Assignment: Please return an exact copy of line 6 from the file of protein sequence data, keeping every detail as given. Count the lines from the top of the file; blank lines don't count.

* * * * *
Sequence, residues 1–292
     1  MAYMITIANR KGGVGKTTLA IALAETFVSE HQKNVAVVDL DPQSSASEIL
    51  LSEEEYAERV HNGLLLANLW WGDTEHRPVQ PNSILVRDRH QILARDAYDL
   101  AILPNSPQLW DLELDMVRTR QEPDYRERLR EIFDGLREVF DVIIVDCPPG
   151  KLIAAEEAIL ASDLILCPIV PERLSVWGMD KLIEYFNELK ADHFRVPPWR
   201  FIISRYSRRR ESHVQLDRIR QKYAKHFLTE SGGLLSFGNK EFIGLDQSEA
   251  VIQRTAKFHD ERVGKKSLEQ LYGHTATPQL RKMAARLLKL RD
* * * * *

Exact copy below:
   201  FIISRYSRRR ESHVQLDRIR QKYAKHFLTE SGGLLSFGNK EFIGLDQSEA